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Janet Mock Discusses Two Memoirs during “Know Her Truths”
Kiana Pourtmeyour/Old Gold&Black
By
Staff Writer
Thursday, March 29, 2018

On March 22 and 23, the Anna Julia Cooper Center hosted the second biannual Know Her Truths Conference. The conference was centered around raising awareness about the plight of women and girls of color, particularly those in the LGBTQ+ community, and featured a discussion with activist Janet Mock.

The emotional discussion with Mock, a transgender black woman, was held by conference leader Melissa Harris-Perry, and focused on the idea of “forming our own truths,” an idea central to Mock’s two memoirs, Redefining Realness and Surpassing Certainty. In the introduction for Mock, Harris-Perry described the memoirs, particularly the latter, as “brave, clear and startling,” and praised Mock for the care and caution with which she tells the story of her struggles as a transgender woman.

In particular, Harris-Perry and Mock discussed one of Mock’s unsettling experiences in Surpassing Certainty that is likely similar to many experiences shared by transgender women of color. Harris-Perry notes that the book starts so simply, with talk of Mock’s reverse halter, and quickly transitions to danger. In the story, Mock dances with a man in a bar when she comes across a woman from high school familiar with her transition. The woman decides to intervene in Mock’s interaction with this man, stepping in to alert the man that Mock is, in fact, transgender.

Mock and Harris-Perry discussed this unsettling anecdote as an example of someone stripping another individual of the ability to tell their own truth. This anecdote is one of many that depicts the provocation of danger faced by so many transgender individuals, one that can only be understood with sadness and anger.

Another issue Mock and Harris-Perry discussed is the relationships that many transgender women have with men. Mock recounts that men often struggle with the idea of being attracted to a transgender woman, as they believe it calls their masculinity into question. As a result, these men often tend be violent and overbearing. For the transgender community, violence and danger like this lurks in many situations.

Mock later talked about the idea of privilege. She preached that all those who possess some form of privilege should use it as a platform for activism. Although she is a transgender woman of color, she still recognizes that she has some privileges; she is often seen as not “too dark”, she can “pass as a cisgender woman”, and she has an enormous platform with which she can tell her story.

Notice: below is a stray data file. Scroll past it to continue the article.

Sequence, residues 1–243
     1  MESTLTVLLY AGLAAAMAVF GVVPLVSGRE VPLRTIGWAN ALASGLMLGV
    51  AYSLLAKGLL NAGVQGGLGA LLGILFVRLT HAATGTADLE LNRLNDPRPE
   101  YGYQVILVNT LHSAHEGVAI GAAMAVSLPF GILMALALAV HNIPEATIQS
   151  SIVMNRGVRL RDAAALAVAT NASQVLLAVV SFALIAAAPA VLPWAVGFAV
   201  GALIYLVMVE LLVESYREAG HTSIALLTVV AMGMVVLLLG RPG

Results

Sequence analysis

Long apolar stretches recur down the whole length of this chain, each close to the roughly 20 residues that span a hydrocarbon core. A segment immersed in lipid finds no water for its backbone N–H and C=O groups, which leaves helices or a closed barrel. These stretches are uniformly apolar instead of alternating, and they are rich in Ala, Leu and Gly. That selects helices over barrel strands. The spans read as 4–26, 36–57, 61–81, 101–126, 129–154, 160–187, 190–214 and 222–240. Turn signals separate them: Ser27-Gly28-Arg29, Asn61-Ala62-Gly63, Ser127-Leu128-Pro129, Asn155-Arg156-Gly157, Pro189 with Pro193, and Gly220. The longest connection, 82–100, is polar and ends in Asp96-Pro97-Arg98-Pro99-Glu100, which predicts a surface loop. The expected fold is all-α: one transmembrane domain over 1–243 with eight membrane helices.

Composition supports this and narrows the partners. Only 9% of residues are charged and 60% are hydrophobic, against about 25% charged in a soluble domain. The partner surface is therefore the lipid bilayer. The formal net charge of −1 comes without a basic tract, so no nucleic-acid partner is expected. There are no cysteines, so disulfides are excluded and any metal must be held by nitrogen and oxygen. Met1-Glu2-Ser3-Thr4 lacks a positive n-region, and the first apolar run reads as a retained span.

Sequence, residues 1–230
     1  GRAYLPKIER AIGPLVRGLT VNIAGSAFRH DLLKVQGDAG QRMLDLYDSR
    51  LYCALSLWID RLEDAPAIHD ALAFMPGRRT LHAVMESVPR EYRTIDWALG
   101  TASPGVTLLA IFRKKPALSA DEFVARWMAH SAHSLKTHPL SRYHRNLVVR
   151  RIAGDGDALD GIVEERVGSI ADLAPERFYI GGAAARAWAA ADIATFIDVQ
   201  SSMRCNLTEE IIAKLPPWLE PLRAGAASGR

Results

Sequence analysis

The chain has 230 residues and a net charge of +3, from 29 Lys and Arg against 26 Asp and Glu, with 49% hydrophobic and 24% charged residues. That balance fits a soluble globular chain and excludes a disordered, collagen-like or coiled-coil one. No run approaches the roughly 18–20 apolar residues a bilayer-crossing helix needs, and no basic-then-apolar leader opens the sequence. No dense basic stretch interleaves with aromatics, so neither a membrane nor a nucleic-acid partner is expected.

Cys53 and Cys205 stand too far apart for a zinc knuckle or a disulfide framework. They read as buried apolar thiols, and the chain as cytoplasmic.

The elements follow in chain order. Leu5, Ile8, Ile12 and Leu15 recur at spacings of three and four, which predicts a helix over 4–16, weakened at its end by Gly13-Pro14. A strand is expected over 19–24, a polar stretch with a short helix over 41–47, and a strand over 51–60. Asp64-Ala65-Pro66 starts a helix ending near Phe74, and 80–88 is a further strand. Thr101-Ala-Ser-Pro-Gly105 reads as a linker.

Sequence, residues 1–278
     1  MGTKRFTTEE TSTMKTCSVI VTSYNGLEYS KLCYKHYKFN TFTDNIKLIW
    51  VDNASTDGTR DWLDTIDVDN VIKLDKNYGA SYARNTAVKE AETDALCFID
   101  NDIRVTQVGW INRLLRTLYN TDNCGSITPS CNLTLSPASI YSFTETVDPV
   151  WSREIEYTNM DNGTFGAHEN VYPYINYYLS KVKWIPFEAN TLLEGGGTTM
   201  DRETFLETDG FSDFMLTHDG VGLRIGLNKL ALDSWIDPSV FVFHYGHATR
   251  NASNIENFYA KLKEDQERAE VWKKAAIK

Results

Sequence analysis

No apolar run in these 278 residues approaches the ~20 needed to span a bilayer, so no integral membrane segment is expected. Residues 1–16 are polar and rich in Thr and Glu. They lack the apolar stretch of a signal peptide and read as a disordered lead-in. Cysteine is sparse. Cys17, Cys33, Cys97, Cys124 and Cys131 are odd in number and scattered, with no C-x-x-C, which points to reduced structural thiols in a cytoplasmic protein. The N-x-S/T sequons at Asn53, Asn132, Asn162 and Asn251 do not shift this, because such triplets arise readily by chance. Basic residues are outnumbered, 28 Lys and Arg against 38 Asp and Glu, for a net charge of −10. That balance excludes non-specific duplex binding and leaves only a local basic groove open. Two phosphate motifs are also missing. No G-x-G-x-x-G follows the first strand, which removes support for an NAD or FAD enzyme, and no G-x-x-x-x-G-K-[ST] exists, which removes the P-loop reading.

“How do you sit with privilege?” Harris-Perry asked. “You use it for activism.”

Finally, Mock concluded by discussing the #MeToo movement, which was started by a woman of color but became something of a “tag line” in Hollywood. Mock discussed the fact that the movement, which may seem inclusive, is still targeted towards society’s “perfect victim.” The movement ignores those who are seen to be in “wrong virtue,” for example, those who found themselves in a position where they had to use their bodies to survive. According to senior Bobby Jacowleff, the tendency for these trends to become widespread in places like Hollywood somewhat “delegitimizes the entire movement for everybody, as it loses focus on the people actually affected.”

Mock admits that she, too, was once in a position wherein she had to engage in sex work in order to survive; something that makes her in no way in “bad virtue” but still may cause her to be overlooked by the #MeToo movement.

Just like there is a struggle for those who do not fit into society’s perception of a “perfect victim,” Mock and Harris-Perry discussed a struggle for those who do not fit into the typical LGBTQ+ stereotype. For example, they discussed the difficulty for men and women of color to integrate into the LGBTQ+ community based on stereotypes that many people have about people of color being “homophobic.”

The discussion between Harris-Perry and Mock was emotionally-charged, honest and raw. Many members of the audience was clearly moved by the stories told, and were filled with questions. In particular, Abby Castaldi, a senior who attended the talk, was moved by the discussion of how to use caution when discussing issues with transgender people of color.

“I think that the best way to discuss issues such as those faced by trans people of color is to listen to their experiences,” Cataldi stated. “It is important to give marginalized groups of people the platform to allow their voices and stories to be heard.”

When asked “What’s next?” Mock told the audience that she will contine to work on her “Never Before” podcasts, engaging in conversation with society’s wide range of cultural leaders. When asked for advice for young black storytellers, Mock emphasized the importance of “start writing what you know,” and then “move beyond what you know to surprise yourself.”